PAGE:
Pins and needles for the owners of Orillia Bowl as pandemic restrictions bite into the finances of Andy and Kathy Rainey, which has left the couple wondering if they can keep their business open.
They purchased the 18-lane facility in 2013.
Andy is a life-long bowler, and Kathy’s parents used to own a bowling alley.
Andy agreed the couple’s dream purchase has turned into a nightmare because of COVID-19.
Under current restrictions, only 10 bowlers at a time are allowed inside the 17,000 square foot facility.
The Rainey’s did qualify for a rent program to help cover costs in the early days of the pandemic, but when a second one was put in last August, Andy told Barrie 360 they missed out because the rules excluded the landlord and they own the building.
The Rainey’s have a sprinkler system business in Collingwood that they have been pulling money from to keep the doors open at Orillia Bowl.
“We’ve been losing upwards of $20,000 a month out of our own pockets trying to keep this place going,” Andy tells Barrie 360.
He said they are $200,000 more in debt today than they were at the start of this pandemic.
“I am here. It’s just how long before you stop and I can’t do this anymore. The stress levels are unbelievable.”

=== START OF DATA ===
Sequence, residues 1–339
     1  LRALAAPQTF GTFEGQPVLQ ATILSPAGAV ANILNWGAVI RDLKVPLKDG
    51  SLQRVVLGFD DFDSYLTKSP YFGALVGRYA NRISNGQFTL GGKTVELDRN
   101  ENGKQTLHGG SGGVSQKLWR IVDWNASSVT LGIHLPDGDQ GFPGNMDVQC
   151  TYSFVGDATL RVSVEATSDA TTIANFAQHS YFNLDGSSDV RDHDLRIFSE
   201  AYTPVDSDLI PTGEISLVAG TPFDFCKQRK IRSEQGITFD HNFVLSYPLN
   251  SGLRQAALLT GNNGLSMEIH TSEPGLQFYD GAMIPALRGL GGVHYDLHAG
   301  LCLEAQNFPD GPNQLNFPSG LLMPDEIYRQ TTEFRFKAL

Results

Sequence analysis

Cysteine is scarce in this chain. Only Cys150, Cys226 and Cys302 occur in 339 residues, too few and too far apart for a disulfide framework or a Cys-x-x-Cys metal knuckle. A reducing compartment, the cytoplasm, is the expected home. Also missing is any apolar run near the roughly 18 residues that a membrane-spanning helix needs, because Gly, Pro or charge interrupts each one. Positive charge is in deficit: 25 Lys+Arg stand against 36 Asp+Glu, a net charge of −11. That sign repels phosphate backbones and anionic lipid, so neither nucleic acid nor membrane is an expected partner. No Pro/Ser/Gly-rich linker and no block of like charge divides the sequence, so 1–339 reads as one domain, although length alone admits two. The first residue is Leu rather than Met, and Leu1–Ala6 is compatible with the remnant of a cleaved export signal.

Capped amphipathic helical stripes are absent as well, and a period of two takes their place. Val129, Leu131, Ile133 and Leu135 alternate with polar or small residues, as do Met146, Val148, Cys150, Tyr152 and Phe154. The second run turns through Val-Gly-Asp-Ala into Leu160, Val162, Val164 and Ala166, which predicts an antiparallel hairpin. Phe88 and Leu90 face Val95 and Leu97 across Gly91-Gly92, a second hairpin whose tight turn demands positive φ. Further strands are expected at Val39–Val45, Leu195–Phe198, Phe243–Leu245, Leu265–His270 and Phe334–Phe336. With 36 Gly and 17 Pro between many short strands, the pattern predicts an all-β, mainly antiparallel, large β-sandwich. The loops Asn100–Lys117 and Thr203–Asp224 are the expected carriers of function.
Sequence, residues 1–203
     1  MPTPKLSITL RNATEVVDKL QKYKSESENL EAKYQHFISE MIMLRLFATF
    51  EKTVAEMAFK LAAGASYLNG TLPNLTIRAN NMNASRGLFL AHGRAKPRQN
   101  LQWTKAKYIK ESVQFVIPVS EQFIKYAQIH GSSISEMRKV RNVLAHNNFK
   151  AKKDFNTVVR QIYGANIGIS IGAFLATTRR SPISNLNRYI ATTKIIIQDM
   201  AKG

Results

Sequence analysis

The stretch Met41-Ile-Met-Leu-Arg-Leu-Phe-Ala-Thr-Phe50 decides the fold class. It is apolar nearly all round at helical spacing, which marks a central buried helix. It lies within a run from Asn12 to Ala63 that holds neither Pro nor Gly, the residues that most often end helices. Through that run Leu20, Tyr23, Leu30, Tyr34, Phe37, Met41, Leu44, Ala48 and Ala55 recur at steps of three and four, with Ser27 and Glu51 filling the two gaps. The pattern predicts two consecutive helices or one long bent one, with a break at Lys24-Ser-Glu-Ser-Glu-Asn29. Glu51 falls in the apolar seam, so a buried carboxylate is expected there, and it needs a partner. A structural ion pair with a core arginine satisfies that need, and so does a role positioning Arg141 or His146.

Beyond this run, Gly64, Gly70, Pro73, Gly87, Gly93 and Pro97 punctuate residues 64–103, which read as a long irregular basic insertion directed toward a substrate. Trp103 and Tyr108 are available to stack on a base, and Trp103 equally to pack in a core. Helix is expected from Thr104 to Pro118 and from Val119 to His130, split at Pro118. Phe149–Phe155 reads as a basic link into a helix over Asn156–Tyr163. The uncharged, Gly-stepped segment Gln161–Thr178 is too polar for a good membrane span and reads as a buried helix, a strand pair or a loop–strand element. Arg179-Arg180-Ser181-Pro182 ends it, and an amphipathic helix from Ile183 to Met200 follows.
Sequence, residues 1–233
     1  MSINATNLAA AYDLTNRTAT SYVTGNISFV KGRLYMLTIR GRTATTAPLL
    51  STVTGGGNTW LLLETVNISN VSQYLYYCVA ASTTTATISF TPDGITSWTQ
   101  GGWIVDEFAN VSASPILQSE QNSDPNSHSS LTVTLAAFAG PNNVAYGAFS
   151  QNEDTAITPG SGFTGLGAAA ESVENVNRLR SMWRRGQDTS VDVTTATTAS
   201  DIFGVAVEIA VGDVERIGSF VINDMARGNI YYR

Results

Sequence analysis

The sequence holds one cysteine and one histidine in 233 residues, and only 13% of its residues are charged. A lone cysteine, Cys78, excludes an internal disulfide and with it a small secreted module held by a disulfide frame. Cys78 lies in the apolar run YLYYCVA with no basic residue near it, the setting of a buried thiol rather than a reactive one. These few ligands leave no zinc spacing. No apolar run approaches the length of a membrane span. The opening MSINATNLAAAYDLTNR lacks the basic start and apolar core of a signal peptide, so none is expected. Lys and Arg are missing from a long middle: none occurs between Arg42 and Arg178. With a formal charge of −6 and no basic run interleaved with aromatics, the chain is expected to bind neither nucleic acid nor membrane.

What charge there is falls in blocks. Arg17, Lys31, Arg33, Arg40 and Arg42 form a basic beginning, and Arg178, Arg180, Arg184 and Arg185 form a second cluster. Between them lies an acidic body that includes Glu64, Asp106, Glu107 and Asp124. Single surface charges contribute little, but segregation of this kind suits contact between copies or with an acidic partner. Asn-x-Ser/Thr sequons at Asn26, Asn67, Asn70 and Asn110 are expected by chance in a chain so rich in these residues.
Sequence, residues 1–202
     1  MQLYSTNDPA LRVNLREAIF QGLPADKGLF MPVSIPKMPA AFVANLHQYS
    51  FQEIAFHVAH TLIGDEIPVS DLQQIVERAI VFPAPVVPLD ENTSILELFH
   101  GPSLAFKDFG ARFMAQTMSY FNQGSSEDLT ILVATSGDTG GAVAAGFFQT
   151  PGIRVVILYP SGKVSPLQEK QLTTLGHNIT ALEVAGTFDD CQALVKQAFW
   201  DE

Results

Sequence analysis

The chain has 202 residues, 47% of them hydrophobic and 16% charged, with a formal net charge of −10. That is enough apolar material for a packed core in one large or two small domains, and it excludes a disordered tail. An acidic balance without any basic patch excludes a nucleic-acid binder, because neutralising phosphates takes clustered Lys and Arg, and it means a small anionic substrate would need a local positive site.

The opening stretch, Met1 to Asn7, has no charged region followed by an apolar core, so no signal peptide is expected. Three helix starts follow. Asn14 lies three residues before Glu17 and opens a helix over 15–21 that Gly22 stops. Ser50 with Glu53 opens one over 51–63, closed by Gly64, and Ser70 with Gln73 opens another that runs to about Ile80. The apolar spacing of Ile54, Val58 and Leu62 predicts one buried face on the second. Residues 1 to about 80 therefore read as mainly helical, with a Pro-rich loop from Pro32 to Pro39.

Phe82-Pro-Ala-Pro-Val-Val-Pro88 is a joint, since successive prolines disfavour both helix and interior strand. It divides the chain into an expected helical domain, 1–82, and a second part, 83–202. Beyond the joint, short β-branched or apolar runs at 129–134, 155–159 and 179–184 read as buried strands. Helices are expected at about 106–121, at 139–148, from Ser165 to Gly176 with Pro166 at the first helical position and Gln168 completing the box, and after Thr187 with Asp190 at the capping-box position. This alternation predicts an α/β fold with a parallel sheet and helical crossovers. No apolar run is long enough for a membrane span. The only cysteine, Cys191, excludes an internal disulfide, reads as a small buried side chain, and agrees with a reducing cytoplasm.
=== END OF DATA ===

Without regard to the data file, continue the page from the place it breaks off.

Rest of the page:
Safety protocols at the five-pin alley include contact tracing, cleaning of all stations and bowling balls so they are ready for the next person. To bowl, you must book an appointment.
There is no shortage of people wanting to bowl. In fact, Andy acknowledges he is almost fully-booked through this week. While that may sound like a windfall for the business, Andy points out because they are limited in terms of the number of people allowed inside the facility, they are losing customers.
He gets financial help from the government to cover off a portion of salaries for his employees, but Andy did the math and said he would still be losing money even if he started to pay his staff. For now, Andy and Kathy take care of Orillia Bowl while their son looks after their sprinkler business.
Andy said he has been calling all levels of government seeking answers to his questions about what other assistance might be available to a business like his.
“Nobody was answering and nobody was helping us,” said Andy. “From the City of Orillia to our provincial MPP and to our federal MP, nobody could tell us why we didn’t qualify for certain programs.”
“I wish government was more accessible. Nobody is accountable.”